We are all looking for ways to work more efficiently. Before email, people used to actually call me! Sometimes I hated the interruption, so I had to learn to let calls go to voicemail when I was working on a big project. When emails became the conventional way of communicating, my phone went silent, and I had to learn only to check my inbox several times a day, or I’d be continually distracted. Some of you may remember that nagging little sounder: “You’ve got mail.” But now some people prefer to text rather than email or call.
I have found that texting is counterproductive to my workplace efficiency.
It’s not that I worry about my workflow because I can mute my phone for texts just as quickly as I can postpone looking at my email. But once you email me, I can’t do much with your message. If I have to research your question, it is difficult for me to forward your request to my task manager. As a result it is very easy to forget the message. That is especially true if I look at your message while I am away from my office. If we want to set up a meeting, I can’t easily forward that request to the administrative assistant that handles my calendar.
I have set up a short cut.
If you want a non-automated process, you can create a text shortcut. On your iPhone, go to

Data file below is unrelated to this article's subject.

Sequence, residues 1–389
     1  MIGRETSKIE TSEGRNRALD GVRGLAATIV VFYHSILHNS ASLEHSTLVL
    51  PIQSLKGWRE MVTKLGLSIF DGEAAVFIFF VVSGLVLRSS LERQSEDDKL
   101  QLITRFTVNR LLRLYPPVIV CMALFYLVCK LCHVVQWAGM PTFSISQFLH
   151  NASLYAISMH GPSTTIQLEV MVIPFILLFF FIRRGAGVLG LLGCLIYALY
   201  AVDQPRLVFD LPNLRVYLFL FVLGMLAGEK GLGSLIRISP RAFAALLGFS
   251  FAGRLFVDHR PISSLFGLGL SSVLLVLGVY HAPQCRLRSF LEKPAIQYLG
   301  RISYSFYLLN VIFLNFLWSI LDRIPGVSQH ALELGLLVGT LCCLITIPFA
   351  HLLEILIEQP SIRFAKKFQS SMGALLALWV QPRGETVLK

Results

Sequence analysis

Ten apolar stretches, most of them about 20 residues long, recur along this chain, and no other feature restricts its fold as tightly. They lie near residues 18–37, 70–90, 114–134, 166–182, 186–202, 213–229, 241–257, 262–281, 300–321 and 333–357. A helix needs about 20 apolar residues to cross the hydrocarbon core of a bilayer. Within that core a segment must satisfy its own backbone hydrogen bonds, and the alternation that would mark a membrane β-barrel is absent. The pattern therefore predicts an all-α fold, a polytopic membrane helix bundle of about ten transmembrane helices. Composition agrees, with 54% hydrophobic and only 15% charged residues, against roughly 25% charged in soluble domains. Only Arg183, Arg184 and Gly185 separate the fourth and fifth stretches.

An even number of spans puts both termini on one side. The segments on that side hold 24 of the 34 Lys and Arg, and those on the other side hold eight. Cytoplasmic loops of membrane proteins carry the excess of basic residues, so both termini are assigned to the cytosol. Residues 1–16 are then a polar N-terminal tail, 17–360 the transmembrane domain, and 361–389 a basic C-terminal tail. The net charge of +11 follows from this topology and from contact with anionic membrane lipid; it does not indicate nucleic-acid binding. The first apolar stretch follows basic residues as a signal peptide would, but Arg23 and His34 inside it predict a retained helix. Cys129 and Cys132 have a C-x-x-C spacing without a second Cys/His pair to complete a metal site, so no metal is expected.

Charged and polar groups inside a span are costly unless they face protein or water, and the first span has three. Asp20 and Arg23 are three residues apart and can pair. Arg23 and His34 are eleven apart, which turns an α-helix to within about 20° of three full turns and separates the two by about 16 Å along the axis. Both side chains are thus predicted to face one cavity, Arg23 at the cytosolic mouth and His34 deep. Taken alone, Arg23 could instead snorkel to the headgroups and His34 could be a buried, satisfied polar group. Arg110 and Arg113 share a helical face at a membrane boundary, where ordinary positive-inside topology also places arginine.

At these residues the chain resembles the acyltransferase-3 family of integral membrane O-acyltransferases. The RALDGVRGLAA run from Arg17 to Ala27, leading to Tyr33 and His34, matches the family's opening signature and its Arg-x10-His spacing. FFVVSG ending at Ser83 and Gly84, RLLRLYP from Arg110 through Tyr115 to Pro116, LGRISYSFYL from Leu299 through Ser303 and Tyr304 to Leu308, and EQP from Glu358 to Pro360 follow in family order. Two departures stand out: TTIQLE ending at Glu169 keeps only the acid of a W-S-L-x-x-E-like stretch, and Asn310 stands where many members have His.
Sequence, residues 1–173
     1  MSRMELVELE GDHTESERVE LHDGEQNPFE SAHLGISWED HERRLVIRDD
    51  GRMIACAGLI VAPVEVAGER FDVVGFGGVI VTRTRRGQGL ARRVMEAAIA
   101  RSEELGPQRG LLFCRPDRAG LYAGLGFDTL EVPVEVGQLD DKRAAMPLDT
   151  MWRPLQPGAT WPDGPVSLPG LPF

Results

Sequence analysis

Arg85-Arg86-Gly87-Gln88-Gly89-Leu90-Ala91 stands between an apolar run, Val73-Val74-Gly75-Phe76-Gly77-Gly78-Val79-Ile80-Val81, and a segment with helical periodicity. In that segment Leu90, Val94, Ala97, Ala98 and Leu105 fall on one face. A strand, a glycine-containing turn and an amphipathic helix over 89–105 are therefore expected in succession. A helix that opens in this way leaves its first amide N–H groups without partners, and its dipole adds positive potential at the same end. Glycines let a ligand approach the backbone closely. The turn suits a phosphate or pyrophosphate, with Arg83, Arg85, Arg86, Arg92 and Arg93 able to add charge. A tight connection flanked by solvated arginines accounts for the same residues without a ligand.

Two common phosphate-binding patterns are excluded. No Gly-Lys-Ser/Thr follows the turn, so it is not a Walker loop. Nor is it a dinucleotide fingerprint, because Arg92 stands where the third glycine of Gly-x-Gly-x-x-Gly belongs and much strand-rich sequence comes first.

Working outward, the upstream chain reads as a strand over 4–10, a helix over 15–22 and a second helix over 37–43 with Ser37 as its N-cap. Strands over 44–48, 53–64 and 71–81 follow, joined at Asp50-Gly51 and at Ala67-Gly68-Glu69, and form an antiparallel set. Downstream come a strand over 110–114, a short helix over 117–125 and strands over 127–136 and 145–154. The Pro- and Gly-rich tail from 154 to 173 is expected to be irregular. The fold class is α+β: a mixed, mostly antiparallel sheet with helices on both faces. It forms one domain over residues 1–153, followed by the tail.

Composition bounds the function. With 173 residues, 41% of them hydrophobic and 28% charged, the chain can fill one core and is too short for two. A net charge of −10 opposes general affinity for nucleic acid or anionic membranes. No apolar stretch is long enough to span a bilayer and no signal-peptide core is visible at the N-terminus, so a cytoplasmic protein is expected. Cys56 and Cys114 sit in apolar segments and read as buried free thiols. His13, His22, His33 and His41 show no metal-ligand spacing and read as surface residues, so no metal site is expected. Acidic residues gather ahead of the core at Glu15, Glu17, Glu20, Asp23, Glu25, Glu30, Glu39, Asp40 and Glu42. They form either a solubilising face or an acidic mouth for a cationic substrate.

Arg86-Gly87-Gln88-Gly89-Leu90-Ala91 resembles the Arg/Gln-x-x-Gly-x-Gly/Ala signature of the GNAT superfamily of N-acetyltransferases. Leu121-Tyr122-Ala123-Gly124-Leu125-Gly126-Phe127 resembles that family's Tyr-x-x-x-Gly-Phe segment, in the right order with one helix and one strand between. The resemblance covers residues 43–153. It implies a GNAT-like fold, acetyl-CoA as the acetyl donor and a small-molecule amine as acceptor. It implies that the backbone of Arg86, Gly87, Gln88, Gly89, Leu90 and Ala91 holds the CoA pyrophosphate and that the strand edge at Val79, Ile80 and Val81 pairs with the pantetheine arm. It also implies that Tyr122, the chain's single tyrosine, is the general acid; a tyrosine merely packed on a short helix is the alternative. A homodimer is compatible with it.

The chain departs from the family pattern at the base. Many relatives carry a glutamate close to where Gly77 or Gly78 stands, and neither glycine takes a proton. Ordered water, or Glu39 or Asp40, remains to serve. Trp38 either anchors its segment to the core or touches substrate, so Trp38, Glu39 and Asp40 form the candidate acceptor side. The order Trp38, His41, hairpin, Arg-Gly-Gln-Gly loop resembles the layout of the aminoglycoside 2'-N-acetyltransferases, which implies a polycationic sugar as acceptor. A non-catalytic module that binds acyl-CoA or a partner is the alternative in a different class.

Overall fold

Settings > General > Keyboard > Text Replacement. Now create your message.
You can use something like: “I’m not able to check and respond to text messages, please email me at ……. and I will get back to you. “Then type in a shortcut that is easy to remember like “.away.” Now when you receive a test, you type the shortcut, and the person will receive your message. This gives you the option of responding or rejecting.
If you want to have all texters receive the message, try this:
Go to Settings
Scroll down for Do Not Disturb
Tap on Auto-Reply
Fill out the vacation text message you want.
Select the recipient list to All Contacts.
Now type in your message.
Do I ever respond to a text? Of course. I will respond to family and friends or colleagues who need a quick response. But I am more likely to use my shortcut approach when I want to devote more time to respond.